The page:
Forecast looked like the storm would pass through before I got there, so maybe the roads would be clear anyway. But would the customer I was headed to be open? Would the storm keep them from getting to work, or knock their power out? I called. No answer. Phone was evidently in some office somewhere and they were out for the weekend. I tried again Sunday morning, as I made my way up I-35, toward my destination, but still no answer. Nobody in dispatch till noon on Sunday, either. What to do? Risk it, or put it off till Monday?? But I'd look pretty silly and probably get yelled at if I chose to wait, then found out that they were there, expecting me. I decided to go up there and check it out. If they weren't there, then my butt was covered; I had tried, at least, to deliver.
The road into the place was a country two-laner, icy in spots, but passable. It was the county roads into the places that I was worried about. Those are often neglected, especially on weekends. Spied the first group of buildings, where my first stop went and the road didn't look that bad. No sign on the building to indicate which plant it was and sure enough, it turned out to be the wrong one. One I wanted was a mile up the road. So, I skated back to my truck on the icy driveway and slid my way back out to the road. Got to the right place, backed into the dock and was told, of course, that it was the wrong dock. Go around back. Slid back there and skated my trailer into the dock door.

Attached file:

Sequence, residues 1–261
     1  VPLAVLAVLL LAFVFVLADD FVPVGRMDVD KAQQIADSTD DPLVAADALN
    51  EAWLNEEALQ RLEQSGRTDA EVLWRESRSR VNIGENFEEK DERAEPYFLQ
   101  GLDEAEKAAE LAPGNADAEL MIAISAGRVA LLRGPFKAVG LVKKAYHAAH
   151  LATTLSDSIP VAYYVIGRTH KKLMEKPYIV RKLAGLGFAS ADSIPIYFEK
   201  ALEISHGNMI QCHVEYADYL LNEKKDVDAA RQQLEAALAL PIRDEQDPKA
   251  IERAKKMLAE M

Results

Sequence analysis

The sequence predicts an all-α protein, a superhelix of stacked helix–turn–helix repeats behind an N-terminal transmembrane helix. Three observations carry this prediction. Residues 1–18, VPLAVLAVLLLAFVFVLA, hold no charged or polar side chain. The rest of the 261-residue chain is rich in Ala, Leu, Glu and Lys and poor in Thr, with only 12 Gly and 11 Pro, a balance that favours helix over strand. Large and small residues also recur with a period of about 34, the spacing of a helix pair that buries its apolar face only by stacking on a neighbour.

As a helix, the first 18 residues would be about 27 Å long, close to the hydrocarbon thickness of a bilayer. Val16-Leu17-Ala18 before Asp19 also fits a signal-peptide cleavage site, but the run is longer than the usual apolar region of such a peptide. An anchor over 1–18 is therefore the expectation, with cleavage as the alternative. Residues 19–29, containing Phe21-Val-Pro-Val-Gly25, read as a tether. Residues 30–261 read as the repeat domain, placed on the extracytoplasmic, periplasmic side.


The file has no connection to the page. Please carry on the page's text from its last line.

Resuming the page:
When I was unloaded, I made my way to the second place, which was further up the main road, on a town street. This road was a total mess. Solid ice. I somehow kept the truck going in a more or less straight line, then found that I couldn't get into the driveway at all. Another truck was occupying it, and somebody's damned 4-wheeled van was parked smack in the middle of the strip that's built so we'll have the space to turn our trailers around and get them aimed toward the dock doors. He couldn't get in for the van, the van couldn't get out because he was blocking the driveway, and I was sitting in the road out front, watching this Mexican standoff play out. I gingerly manuevered as far over on the shoulder as I dared, to give any other vehicles room to get by me.
It was almost 45 minutes before I got in there. First, the van moved over, so the truck could roll down and turn into the strip he was sitting on. Then, the van left. The other truck then got stuck on the ice and sat there spinning his wheels hopelessly. Employees arrived with bags of salt and he backed partway into the dock, then headed out the driveway, where he became stuck again. It turned out that he had gone to the wrong building, just as I'd done earlier, and was trying to get back out of there. More salt was applied and he finally made it back onto the road. I backed up, giving him the space he needed to get by me.
Finally, it was my turn, and I had no problem. The drive was well-salted by now, so it was smooth sailing all the way, going in or getting out. Except by then the sun had come out and was hitting the icy road and it was even more treacherous this time. But I made it to the main road and made it over here to this truckstop in Webster City, Iowa, where I pick up a load today that will take me to sunny Alabama on Wednesday. Or rainy. Or anything but icy!!